1. What did I just hear this week on TV that Brazil is the 5th largest country in the world. Most of the population is along the coast so maybe their travel needs are not as big for the size country they are.

  2. Sanjeev M says:

    Any chances for International codeshare?
    Maybe like the Virgin airlines we can have the Blue airlines??

    The world needs a fourth global alliance. I’m hoping for the Virgin group with US Airways, Jet Airways, some southeast Asia ones, and WestJet/Azul/JetBlue or even Frontier.

    Just wishful thinking :)

  3. So really it sounds like he’s taking a page from Southwest here, about 20 years ago..

  4. Pingback: David Neeleman on Azul’s Decision to Use Embraers and ATR Turboprops (Across the Aisle, Part 2) - >> The Cranky Flier

  5. Is Neeleman still involved in jetBlue? Non-exec? Shareholder? I had a look at Yahoo finance but didn’t see him listed as a personal shareholder which seems very odd.

    • Craig says:

      The CNN Money article that Brett linked to above says that Neeleman still holds a few million JetBlue shares, but is otherwise no longer engaged with the company:

      “For the most part Neeleman has distanced himself from JetBlue. While he once owned 10.8 million shares, he now has just a couple million — and as an investor he’s not happy. JetBlue’s share price is down 40% from when he exited three years ago. ‘The stock price doesn’t lie,’ he says.”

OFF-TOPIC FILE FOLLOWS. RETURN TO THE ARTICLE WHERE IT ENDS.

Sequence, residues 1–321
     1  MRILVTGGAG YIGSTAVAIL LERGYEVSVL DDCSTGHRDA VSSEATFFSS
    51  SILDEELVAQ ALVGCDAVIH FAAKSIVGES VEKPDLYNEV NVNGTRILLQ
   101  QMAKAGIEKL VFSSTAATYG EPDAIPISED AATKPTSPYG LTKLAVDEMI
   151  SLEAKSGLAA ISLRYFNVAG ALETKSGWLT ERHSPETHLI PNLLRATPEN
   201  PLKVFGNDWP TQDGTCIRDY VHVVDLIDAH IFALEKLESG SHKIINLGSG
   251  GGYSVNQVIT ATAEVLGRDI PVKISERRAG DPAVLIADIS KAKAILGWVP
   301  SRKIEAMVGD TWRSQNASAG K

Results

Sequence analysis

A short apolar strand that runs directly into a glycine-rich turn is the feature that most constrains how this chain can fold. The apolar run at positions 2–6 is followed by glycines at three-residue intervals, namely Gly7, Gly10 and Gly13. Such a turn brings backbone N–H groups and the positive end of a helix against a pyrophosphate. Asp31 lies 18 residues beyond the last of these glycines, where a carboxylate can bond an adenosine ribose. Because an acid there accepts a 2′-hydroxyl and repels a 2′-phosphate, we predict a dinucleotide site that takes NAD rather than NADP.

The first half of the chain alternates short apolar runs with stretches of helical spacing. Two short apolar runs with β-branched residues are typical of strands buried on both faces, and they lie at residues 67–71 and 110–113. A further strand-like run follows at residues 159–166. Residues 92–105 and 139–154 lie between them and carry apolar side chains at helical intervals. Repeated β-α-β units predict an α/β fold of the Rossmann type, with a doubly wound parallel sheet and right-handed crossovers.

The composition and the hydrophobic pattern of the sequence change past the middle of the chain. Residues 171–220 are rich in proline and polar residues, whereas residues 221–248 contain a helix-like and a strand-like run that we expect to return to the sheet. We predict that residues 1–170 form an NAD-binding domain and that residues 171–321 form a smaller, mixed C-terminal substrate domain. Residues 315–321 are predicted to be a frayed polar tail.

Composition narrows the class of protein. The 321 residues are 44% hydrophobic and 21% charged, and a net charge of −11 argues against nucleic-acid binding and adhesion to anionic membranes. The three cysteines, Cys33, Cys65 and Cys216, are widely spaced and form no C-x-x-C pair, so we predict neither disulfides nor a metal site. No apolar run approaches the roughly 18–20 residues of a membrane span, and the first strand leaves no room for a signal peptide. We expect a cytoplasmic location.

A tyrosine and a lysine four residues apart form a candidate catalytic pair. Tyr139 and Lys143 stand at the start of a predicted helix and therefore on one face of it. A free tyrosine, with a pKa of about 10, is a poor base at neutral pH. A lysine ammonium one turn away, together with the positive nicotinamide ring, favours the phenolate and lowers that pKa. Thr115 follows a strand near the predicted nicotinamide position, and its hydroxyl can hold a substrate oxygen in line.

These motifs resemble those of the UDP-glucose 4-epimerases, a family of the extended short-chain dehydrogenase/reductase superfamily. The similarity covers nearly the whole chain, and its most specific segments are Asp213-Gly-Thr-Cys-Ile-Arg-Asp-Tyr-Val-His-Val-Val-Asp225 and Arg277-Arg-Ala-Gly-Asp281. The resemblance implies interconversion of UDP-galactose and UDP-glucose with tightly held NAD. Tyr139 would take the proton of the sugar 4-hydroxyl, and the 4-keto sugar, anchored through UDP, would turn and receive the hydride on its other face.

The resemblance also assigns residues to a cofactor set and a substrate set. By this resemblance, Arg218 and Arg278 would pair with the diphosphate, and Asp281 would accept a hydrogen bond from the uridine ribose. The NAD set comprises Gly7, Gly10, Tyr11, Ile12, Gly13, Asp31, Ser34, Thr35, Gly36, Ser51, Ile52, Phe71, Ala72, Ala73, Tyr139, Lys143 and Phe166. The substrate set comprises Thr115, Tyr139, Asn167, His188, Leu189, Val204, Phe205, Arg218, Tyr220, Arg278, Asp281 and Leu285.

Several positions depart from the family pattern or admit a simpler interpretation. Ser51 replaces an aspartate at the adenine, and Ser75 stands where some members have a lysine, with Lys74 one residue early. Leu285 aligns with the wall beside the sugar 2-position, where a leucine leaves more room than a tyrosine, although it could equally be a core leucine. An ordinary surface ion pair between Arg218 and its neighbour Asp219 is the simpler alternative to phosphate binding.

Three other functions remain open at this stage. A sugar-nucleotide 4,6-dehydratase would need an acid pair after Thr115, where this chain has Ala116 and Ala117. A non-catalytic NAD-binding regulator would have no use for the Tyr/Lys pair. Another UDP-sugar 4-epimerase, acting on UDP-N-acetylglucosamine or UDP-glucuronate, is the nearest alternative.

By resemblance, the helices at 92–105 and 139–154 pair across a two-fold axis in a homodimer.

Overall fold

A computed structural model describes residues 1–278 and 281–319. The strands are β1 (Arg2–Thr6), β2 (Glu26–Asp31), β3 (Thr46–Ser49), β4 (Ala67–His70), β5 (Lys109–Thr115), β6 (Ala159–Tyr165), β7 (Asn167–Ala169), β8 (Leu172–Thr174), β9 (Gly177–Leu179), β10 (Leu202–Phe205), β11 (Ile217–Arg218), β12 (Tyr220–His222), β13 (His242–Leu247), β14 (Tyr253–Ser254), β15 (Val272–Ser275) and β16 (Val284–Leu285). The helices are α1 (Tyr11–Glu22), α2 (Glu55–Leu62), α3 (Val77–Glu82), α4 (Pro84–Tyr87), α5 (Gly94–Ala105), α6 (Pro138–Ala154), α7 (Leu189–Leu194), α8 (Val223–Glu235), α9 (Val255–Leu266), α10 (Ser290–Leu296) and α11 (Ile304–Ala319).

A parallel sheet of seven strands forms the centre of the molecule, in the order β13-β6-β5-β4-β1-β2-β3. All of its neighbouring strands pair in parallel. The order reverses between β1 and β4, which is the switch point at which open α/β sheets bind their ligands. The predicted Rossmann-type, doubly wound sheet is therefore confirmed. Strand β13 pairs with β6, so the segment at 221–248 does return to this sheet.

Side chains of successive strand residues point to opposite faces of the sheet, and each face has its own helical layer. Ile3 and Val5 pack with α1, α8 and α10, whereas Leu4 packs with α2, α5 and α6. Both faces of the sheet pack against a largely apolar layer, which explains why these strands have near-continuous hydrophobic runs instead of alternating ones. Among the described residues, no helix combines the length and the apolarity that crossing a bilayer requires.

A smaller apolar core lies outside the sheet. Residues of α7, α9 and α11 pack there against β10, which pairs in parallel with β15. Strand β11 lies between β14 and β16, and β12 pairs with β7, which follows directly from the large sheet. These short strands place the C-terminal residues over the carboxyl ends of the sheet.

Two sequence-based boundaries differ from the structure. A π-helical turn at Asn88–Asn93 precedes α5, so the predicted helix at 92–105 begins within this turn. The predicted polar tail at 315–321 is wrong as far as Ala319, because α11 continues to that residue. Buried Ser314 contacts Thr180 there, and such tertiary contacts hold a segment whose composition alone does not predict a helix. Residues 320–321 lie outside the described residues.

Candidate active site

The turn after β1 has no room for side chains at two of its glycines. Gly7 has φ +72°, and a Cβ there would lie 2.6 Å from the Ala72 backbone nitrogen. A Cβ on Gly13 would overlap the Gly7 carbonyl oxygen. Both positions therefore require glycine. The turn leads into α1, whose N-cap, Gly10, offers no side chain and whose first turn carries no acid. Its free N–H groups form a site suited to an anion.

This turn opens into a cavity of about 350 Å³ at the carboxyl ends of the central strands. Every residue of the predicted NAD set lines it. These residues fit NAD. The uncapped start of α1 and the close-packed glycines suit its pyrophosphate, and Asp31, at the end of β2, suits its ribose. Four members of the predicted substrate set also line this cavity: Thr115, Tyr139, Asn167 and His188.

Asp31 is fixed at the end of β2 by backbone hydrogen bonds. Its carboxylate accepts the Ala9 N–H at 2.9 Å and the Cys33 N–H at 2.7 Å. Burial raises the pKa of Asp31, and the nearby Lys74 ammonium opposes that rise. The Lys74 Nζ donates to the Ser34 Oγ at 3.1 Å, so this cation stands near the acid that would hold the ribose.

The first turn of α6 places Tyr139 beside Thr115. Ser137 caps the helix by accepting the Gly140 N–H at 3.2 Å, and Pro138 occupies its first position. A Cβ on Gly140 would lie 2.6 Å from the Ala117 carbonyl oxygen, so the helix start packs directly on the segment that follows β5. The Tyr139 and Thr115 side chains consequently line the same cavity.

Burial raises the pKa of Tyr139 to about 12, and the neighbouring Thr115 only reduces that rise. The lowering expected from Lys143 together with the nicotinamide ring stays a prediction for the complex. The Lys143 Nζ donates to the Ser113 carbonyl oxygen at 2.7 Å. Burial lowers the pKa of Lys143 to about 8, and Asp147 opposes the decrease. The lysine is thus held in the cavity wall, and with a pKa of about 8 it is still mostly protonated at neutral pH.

http://money.cnn.com/2010/07/13/news/companies/azul_neeleman_jetblue.fortune/index.htm

  6. Dan Levy says:

    Great stuff, Brett. So much interesting stuff coming out of Brazil. Would love to hear about Azul’s IFE…

  7. Our Father and Dad–of nine is a busy man. He does everything and more!

    Good job Honey!

    • Hi Vicki,
      I was watching CNBC on the story of your dad, from school days to present Azul and i am totally inspired, in fact i live by similar principles regarding value for money putting people first and the importance of customerservice. Will he be willing to be my mentor? please advise and I will provide my details.

  8. Pingback: David Neeleman on What’s Wrong with JetBlue and How to Fix It (Across the Aisle, Part 3) - >> The Cranky Flier

  9. PF says:

    A comment on the graphic – is smoking allowed on Azul?

  10. Pingback: The Wilderness Online: Best of the Web – Vol. 11 | Sparksheet

  11. ken says:

    Flew Azul from Campinhas to Recife. Decent service, on-time, clean plane, efficient staff, confusing way-finding in the airport and inadequate ground staffing, nice new Embraers. Not bad at all, and a decent price. This market is growing like crazy; they managed to suffer for two months of recession, then hopped on the growth train. Look for good things in this market, and even some innovation.